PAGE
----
Finally, our narrow escape from a cyclone in Niue on the day we left.
You prefer SSB. Can you tell us why?
It's not that I prefer SBB, but having just got my full licence I felt I didn't have much choice. For a DX-pedition you need a lot of experience. You also have to be very good at operating CW in practice, which is very different to doing the same thing at home!
What kind of equipment do you take with you and how much does it weigh?Do you ship anything in advance?
I don't ship anything in advance.
Travelling by air brings with it a few problems and which you have to try to avoid, especially damage to equipment and lost luggage. This means carrying as much as possible in your hand luggage. To avoid any disasters due to faulty equipment, you also have to take back-up equipment with you.
Travelling to small islands often means small planes, which means weight and size restrictions. This in turn means small-size equipment, which my XYL and I can carry in fairly compact backpacks. The weight here is 14 kg and 11 kg respectively - and in most cases they don't check the weight of hand luggage. As for the equipment itself: a Kenwood TS-50; PS-40 switch-mode power supply; an Annecke balanced tuner for 80 -10m; 2 x 20m lengths of wire for a doublet; 2 x 25m lengths of open wire feeder; Kenwood HS-5 headphones; some small, custom-made logbooks; a mini cassette recorder etc. As I really need to work with a mobile antenna, I take an Outbacker PerthPlus as a spare as well.
The equipment I can't take as hand luggage I check in as normal luggage: some 7 meter-long lightweight fishing rods, which are supports for the wire antenna, and the Outbacker Perth Mobile antenna.
Please note that I don't take a laptop. If I did that, I'd have to take another laptop with me as a back-up. I have to avoid problems with planes - and I prefer to take HF spares!
Is there any place where you tried to get a licence and it didn't work out?
Planning a DX-pedition and getting a licence means having sleepless nights! When I look back, many are easy to get, but waiting for them can be frustrating. In some places you really need the help of the local amateurs. In 1999 a case in point was Sint Maarten, in the Netherlands Antilles. They just had joined CEPT, but with the wrong prefix numbers. I had to make hurried arrangements with the very helpful local amateur club in Curaçao - and they arranged a PJ8 licence just in time. Shortly after my visit Curaçao then corrected the callsign prefix numbers, so CEPT was then OK for other amateurs.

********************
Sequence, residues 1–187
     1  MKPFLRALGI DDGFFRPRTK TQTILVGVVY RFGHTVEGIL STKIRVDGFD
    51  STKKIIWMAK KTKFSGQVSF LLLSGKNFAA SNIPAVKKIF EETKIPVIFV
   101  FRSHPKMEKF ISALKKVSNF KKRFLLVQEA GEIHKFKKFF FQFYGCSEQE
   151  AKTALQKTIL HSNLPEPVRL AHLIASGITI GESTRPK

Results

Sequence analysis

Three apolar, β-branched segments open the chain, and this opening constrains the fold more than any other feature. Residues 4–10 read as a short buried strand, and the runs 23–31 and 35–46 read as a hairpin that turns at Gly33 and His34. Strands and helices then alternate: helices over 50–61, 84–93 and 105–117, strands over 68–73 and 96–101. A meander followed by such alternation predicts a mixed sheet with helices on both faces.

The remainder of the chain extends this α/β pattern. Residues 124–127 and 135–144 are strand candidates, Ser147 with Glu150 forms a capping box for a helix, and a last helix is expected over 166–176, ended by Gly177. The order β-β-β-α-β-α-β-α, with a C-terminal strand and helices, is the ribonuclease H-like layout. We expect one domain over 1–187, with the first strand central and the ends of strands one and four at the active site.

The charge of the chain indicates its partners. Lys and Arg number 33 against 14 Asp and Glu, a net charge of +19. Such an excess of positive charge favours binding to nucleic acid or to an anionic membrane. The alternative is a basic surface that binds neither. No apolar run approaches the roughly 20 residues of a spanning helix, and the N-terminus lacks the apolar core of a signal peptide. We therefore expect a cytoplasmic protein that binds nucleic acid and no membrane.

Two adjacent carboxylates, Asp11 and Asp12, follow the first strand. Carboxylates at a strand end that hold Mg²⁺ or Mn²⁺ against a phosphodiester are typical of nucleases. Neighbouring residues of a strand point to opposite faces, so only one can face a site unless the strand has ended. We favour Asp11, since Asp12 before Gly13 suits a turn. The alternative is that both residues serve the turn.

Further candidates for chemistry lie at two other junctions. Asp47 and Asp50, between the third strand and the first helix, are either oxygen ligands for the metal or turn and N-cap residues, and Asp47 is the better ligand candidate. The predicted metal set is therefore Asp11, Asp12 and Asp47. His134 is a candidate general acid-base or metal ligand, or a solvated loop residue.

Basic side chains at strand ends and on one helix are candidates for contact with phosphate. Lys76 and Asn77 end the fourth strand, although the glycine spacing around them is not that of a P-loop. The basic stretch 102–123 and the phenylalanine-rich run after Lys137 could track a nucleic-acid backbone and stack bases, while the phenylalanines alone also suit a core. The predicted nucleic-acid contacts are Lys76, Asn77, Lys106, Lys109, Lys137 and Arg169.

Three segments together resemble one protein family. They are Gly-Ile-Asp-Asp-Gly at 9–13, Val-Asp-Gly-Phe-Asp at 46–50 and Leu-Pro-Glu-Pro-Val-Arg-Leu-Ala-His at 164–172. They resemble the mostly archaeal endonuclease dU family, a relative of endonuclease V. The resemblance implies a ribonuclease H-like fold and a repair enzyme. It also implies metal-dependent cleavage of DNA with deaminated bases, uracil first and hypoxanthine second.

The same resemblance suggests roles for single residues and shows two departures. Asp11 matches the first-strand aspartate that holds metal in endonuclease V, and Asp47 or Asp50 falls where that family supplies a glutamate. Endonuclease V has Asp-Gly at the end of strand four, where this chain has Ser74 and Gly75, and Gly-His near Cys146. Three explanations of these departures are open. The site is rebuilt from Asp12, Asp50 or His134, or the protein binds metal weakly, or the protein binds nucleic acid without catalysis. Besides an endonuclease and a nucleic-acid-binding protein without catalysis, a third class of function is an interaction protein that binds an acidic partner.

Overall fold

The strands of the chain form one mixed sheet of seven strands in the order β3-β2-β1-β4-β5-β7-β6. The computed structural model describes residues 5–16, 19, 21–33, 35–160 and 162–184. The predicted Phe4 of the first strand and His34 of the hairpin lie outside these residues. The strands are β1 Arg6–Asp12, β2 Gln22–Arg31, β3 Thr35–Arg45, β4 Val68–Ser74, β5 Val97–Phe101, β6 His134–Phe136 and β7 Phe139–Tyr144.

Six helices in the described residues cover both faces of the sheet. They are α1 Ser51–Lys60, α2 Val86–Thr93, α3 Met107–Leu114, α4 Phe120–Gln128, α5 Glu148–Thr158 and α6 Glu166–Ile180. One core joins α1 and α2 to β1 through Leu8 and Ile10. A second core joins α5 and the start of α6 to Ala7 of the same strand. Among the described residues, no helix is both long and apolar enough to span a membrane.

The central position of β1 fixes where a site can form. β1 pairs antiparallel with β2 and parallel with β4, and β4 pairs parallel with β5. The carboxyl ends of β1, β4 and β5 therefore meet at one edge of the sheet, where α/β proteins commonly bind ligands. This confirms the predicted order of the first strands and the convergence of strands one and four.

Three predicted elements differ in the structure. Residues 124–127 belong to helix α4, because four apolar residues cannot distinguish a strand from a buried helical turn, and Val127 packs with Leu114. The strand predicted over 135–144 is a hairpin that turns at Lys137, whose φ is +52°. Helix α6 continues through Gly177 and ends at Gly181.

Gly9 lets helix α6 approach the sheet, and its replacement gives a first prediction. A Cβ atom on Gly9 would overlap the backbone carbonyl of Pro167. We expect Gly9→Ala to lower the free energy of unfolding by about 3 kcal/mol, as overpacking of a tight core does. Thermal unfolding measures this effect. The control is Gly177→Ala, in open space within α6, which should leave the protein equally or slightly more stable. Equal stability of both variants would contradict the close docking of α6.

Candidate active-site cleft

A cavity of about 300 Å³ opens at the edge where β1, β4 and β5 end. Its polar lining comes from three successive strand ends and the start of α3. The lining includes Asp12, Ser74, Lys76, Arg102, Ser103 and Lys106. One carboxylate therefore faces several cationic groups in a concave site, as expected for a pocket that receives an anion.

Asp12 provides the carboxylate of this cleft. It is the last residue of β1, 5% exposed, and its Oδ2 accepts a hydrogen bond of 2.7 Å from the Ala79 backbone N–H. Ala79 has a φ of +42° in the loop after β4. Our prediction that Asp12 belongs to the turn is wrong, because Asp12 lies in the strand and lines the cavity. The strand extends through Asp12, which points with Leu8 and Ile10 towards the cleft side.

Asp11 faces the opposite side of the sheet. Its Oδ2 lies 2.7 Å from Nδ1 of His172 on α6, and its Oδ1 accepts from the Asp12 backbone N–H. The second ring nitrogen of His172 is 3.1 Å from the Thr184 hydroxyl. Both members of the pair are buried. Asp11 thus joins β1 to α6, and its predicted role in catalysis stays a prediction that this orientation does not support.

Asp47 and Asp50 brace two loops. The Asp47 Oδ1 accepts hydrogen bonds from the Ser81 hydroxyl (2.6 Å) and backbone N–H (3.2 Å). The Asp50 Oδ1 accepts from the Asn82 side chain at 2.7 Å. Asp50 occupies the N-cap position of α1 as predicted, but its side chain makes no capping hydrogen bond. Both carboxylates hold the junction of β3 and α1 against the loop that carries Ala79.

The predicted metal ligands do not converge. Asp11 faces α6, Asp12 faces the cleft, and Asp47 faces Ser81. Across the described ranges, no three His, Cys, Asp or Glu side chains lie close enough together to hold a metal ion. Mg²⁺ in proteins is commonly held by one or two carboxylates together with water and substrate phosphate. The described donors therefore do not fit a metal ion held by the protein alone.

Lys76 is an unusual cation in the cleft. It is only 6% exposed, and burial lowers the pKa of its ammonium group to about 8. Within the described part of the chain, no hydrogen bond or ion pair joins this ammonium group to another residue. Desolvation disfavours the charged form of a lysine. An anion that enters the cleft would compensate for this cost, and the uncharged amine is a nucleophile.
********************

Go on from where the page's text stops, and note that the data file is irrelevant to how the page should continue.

Galapagos, HC8. I was waiting for my licence there when there was suddenly a local coup d'état. I had to arrange my flights at the very last moment.
Far more frustrating was Mauritius, 3B8. I applied in very good time. I phoned the licencing office down there a week before I was due to leave - and every day after that - but still nothing. In Mauritius I had to wait for another 3 days until the licence was ready. Having said that, I must count myself lucky, seeing as others had to wait on the island for one whole week. Even worse, groups from Germany and Belgium returned home without getting any licence at all.
How many QSL requests do you have to reply to per month or per year?
In recent years I have confirmed 33,000 to 44,000 QSOs per year.
Is there anything you'd like to tell the folks about QSL-ing?
I prefer to QSL via the Bureau, seeing as it's much less work for me than direct QSLs.
Please design your QSL in such a way that all the information is on one side. Make sure the `via Manager" line is large and very clear - and put that in the upper corner of the QSL. I've just received a 2 kg batch from Australia; all these cards where sent by mistake to one of my VK calls, and since the Bureau in Australia - as in the USA - does not send outgoing cards for free, this batch was sent to me direct at my request. Germany is the best QSL country. QSL work for me is very, very time consuming.